Āvaraṇa (आवरण) refers to the “realm” (of a particular element), according to verse  13.7cd-8 of the Mālinīvijayottaratantra.—Accordingly, “If one attains identification [with the water element, then], within six months steadiness is achieved. Within three years one attains gnostic vision of the water-realm (jala-āvaraṇa). In the motionless division [of the Sakala contemplation] also, one is conjoined to the reality level of water [and becomes] in all respects similar to water”.

Yoga book cover
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Yoga is originally considered a branch of Hindu philosophy (astika), but both ancient and modern Yoga combine the physical, mental and spiritual. Yoga teaches various physical techniques also known as āsanas (postures), used for various purposes (eg., meditation, contemplation, relaxation).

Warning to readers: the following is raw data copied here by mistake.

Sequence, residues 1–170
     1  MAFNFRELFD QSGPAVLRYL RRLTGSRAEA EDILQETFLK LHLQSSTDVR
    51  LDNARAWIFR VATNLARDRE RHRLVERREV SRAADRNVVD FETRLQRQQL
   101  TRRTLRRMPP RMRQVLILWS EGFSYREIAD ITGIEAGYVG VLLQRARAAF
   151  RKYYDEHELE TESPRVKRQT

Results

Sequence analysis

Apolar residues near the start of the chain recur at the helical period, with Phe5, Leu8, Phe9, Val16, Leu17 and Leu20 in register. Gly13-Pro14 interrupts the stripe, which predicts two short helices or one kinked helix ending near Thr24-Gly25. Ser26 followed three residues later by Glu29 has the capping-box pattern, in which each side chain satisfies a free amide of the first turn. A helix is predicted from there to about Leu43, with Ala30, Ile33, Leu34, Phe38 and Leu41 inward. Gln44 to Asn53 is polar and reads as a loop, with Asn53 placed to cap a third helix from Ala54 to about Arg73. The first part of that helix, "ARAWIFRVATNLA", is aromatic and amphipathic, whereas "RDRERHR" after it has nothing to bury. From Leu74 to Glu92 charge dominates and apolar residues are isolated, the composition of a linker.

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Shaktism (Shakta philosophy)

Source: Google Books: Manthanabhairavatantram

Āvaraṇa (आवरण) refers to the “attendants (of the Śrīkrama)”, according to the Kularatnoddyota, one of the earliest Kubjikā Tantras.—Accordingly, “[...] The great lord, the venerable Kubjeśa, accompanied by the encompassing attendants of the Śrīkrama (śrīkrama-āvaraṇa-upeta) (the tradition of the goddess Kubjikā), sat on the seat of the Wheel of Knowledge, adorned with the garland of Principles of Existence. The Lord of the gods, whose nature is beyond conception contemplated his own imperishable, and sacred nature, (the Self) of the venerable Wheel of Bliss. [...]”.